A little while ago, I read an article about the growing trend of keeping backyard chickens. At the time, I thought it was a mild curiousity, but now I am beginning to think these people are on to something. I eat a lot of eggs. I mean A LOT of eggs. In my efforts to control my blood sugars through diet and exercise alone, I eat a two-egg omelet almost every morning. How nice would it be if those eggs came from my own backyard? I can just imagine walking in to the warm henhouse every morning, amidst the indignant clucking of my very own chickens, to steal a few fresh eggs for breakfast. Alas, my little pastoral vision is unlikely to happen any time soon, as we are not quite rural enough for backyard poultry of any kind.
When I get a little sick of my eggs, I like to have some sort of low carb baked good on hand to go with my morning coffee. My recent post of a marble cheesecake (not low carb) has had me dreaming of a marbled coffee cake of sorts. So I set about creating one. A google search turned up several variations of an almond meal pound cake that seemed like it might make a good basic guide for my recipe. As I am generally the main consumer of these things in my household, I decided to half the recipe and bake it in two mini-loaf pans. This way, I wouldn't be wasting too many expensive ingredients if it didn't work out, and if it did work out, I could freeze one of the little loaves for a future date.
I also had ricotta cake on the brain. I've come across many lovely-looking recipes that include ricotta and I happened to have a large container of it in my fridge. Since the basic recipe for the almond meal cake included cream cheese, I thought I could sub in ricotta with minimal adjustment to the other ingredients. For the chocolate marble effect, I simply mixed melted butter and cocoa powder, and then added it to some of the batter. And at the very last minute, I decided to swap the vanilla extract for almond extract, to complement the chocolate flavour.The Results:
I am thoroughly enjoying my little break from omelets with this lovely cake. I was a little concerned about how much it would rise, since the chocolate portion of the batter was a bit thick and sticky, but it turned out quite well. The mini loaves are adorable (why are things so much cuter in mini size?) and I could see giving them out as little holiday presents. I won't be freezing the second loaf, because the first is already gone and I want to eat this for breakfast for the next few days.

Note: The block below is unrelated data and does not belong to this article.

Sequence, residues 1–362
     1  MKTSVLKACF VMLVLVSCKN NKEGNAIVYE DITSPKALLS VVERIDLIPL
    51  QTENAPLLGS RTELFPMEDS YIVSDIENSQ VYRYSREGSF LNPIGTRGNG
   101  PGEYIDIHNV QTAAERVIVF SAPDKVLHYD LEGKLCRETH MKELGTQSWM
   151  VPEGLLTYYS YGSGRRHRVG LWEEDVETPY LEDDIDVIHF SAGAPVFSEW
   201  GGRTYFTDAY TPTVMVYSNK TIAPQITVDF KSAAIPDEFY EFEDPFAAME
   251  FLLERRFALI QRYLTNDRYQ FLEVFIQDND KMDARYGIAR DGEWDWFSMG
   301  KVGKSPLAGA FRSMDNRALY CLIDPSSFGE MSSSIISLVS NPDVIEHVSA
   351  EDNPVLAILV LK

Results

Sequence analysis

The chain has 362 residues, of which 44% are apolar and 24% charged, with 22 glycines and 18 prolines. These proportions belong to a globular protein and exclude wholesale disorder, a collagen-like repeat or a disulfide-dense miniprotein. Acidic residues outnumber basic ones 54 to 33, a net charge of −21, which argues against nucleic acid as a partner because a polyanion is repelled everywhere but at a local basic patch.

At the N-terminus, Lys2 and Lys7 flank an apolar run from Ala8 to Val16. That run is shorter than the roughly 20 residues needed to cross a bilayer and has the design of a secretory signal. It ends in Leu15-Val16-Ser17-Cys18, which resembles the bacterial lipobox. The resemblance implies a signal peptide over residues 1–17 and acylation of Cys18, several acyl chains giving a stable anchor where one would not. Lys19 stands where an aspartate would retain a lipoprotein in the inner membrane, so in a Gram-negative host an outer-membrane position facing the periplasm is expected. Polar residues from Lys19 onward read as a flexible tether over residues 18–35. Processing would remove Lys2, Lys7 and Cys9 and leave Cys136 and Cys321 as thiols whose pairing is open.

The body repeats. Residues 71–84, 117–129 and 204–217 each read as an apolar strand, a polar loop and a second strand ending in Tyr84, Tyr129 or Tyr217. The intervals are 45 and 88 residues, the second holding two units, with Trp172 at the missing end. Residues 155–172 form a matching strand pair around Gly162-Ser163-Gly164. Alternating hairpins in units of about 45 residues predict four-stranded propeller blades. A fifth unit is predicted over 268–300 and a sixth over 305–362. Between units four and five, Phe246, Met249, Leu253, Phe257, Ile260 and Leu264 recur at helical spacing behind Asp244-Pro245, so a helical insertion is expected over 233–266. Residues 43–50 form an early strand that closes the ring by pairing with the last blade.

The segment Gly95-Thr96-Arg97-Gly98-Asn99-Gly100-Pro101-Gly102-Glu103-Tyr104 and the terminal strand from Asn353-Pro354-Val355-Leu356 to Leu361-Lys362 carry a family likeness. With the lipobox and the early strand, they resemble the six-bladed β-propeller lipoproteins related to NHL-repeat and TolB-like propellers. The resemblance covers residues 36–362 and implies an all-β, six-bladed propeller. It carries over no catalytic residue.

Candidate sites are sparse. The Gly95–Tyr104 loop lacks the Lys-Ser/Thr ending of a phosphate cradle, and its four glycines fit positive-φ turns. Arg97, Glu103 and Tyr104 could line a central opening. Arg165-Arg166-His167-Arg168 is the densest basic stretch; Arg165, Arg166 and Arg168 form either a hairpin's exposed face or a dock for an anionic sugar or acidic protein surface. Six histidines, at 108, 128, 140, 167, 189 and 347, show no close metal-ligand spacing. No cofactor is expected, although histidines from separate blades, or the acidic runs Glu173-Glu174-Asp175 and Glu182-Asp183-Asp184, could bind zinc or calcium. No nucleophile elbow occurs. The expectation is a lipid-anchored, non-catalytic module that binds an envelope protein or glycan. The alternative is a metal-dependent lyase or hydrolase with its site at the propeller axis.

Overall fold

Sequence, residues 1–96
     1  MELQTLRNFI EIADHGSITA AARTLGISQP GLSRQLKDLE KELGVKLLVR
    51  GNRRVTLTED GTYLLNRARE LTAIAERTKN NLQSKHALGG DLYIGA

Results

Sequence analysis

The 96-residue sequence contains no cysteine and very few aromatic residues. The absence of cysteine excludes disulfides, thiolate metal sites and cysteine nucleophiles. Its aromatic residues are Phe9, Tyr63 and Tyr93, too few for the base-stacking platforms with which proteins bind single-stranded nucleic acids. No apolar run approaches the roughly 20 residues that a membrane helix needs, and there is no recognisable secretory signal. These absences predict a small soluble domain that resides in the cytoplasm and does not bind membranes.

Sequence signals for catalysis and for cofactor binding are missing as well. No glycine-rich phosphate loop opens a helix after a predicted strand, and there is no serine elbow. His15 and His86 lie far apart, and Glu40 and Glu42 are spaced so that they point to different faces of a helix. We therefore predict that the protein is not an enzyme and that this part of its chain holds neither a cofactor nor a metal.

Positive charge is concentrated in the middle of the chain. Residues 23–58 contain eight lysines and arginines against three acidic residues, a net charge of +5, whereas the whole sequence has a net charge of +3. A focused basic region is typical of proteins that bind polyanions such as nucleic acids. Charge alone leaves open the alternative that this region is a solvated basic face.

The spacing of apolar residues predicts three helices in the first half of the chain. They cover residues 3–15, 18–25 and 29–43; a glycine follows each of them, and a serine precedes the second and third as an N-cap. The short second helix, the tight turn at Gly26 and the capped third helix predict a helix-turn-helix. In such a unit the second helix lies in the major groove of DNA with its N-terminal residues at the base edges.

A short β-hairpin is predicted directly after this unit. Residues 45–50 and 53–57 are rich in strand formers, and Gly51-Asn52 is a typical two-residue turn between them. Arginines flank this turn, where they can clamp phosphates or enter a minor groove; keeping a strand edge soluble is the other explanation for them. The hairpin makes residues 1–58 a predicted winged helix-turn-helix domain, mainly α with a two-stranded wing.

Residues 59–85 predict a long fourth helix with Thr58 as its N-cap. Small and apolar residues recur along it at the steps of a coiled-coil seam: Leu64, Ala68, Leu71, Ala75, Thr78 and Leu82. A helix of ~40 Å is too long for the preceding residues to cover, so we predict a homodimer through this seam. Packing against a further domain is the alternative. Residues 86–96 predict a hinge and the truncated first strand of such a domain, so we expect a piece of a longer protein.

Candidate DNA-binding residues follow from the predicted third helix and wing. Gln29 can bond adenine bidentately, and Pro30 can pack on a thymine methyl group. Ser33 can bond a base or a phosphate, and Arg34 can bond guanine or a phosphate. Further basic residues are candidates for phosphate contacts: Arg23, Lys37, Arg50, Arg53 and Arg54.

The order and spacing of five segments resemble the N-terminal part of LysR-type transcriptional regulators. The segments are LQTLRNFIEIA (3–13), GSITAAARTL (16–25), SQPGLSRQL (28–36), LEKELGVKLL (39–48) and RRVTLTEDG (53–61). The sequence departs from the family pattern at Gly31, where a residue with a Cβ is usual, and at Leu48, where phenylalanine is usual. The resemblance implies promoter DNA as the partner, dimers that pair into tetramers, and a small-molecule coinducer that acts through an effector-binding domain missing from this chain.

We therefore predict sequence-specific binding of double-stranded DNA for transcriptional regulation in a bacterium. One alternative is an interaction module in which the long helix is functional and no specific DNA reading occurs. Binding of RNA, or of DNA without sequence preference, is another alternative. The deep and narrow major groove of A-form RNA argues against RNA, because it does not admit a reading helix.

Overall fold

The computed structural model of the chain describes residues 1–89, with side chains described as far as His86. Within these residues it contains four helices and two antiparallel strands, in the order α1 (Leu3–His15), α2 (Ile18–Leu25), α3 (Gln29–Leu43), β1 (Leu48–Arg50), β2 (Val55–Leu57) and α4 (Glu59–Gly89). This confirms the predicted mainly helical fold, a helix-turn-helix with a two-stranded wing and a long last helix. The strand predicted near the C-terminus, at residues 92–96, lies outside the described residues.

My only real complaint about this cake is that I couldn't really get it to swirl and marble. It may be a result of the small pans or it may because of how adding chocolate to half the batter made it too thick to swirl, but I ended up with alternating globs of light and dark batter. It looks fine and tastes fine, but it isn't quite as pretty as I had in my head.
One more small note - since I intended this as a breakfast loaf, I kept the sweetener to a minimum. I like it this way, but if you like your breakfast on the sweet side, consider adding more erythritol or stevia, or your preferred sugar substitute. Chocolate Almond Ricotta Cake
*This recipe makes to 3x5 mini loaves. Double it for a 9x5 inch loaf pan or a bundt pan and increase baking time.
1 tbsp butter
2 tbsp cocoa powder
1 1/4 cup almond flour
2 tbsp erythritol
1/2 tsp baking powder
1/2 tsp baking soda
1/4 tsp xanthan gum (optional)
1/8 tsp salt
1/2 cup whole milk ricotta
1/2 tsp almond extract
8-12 drops stevia extract
Preheat the oven to 325F and grease 2 mini-loaf pans. Line bottom and long sides of pans with parchment paper, and grease paper.
In a medium, microwave-safe dish, melt butter. Stir in cocoa powder until smooth. Set aside.
In a medium bowl, whisk together almond flour, erythritol, baking powder, baking soda, xanthan gum and salt.
In a larger bowl, beat eggs with electric mixer until frothy. Beat in ricotta, almond extract and stevia until smooth. Add dry ingredients and beat until thoroughly combined.
Place half of batter into chocolate mixture and mix until thoroughly combined. Alternating between light and dark mixtures, spoon dabs of batter into prepared pans until they are 2/3 full. Place pans on a baking sheet and bake for 30-35 minutes or until top is set and a tester inserted in the middle comes out clean.
Serves 8. Total carbs per serving is 8g, but only 7g if you subtract erythritol.